Mother-of-two, 29, ‘began lactating from her vulva after giving birth because breast tissue developed in her groin’
- The woman from Austria had swelling and pain to one side of her vagina
- It was leaking a ‘milky’ fluid which doctors later realised was breast milk
- The bizarre situation was caused by something called accessory breast tissue
- Functioning breast tissue can grow elsewhere in the body such as the armpit
A woman began lactating from her vulva after giving birth, an extraordinary case report has revealed.
The 29-year-old mother, in Austria, started to experience severe pain on one side of her vulva – the parts of a woman’s genitals which are visible from the outside.
She said that just days after giving birth she had painful swelling in the area and a milky white liquid was leaking out of her.
On closer examination doctors realised the fluid was milk and the woman actually had breast tissue growing inside her groin.
An Austrian woman developed pain and swelling in accessory breast tissue which had grown in her groin, and started leaking milk four days after she had her second child (stock image)
The woman, not named by her doctor, Dr Richard Mayer at Kepler University Hospital in Linz, had just given birth to her second child before the bizarre problem began.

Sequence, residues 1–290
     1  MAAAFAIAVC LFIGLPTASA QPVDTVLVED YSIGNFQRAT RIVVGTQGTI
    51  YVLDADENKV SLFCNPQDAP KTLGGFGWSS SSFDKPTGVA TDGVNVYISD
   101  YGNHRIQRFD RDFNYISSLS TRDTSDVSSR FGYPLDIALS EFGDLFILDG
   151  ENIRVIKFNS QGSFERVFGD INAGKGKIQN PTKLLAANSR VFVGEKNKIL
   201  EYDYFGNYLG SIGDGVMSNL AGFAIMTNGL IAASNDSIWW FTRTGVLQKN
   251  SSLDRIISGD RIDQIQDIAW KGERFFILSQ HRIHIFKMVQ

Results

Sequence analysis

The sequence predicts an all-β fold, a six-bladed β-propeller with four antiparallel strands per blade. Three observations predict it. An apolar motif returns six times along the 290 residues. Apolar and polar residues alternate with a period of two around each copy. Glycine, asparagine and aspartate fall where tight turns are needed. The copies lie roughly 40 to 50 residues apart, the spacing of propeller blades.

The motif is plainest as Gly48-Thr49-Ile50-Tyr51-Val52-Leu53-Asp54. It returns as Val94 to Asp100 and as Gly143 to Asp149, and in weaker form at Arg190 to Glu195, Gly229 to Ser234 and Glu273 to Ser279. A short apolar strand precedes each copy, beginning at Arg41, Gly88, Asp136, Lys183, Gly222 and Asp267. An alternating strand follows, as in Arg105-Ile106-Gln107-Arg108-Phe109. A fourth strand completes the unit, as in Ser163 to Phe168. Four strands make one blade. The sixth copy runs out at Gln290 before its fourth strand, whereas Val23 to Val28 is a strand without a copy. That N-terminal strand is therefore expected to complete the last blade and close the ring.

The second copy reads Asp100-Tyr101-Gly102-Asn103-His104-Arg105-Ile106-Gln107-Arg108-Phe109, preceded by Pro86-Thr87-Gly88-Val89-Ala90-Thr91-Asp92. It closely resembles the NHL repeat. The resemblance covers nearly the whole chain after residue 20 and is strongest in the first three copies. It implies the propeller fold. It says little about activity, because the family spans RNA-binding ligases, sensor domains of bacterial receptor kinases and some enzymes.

Dr Mayer said he had never seen a case like this, Live Science reported.
It is believed to have caused her so much pain because of stitches put in after childbirth.
The stitches were covering an ‘excretory duct’ which the milk was trying to get out of, the case report said – there was no suggestion the woman had an extra nipple.
Medics found she had accessory breast tissue, a relatively common genetic condition in which flesh the same as that found in a woman’s chest grows elsewhere in the body.
Between two and six per cent of women have been estimated to have it, and the tissue most commonly affects the armpits, although it can also grow in the groin, back, thigh or even the face.
Its growth varies from only glandular tissue beneath the skin to an entire breast complete with a nipple and areola.
Dr Mayer and his team did an ultrasound on the mother-of-two’s vulva and found that deep down the tissue looked just like a lactating breast.
The woman revealed she had had similar swelling after giving birth to her first child but did not notice milk leaking that time.
Accessory or, as Dr Mayer called it, ectopic tissue may be easier to detect when women are pregnant because it swells as their body begins to produce milk.
The stitches in the woman’s vulva were removed, which successfully stopped her pain. And her swelling and milk leakage slowed to a halt over the next two weeks.
Ectopic breast cancer can carry a risk of developing into cancer so Dr Mayer and his team said women and doctors should consider surgically removing it if possible.
The case study was published in the journal Obstetrics and Gynecology.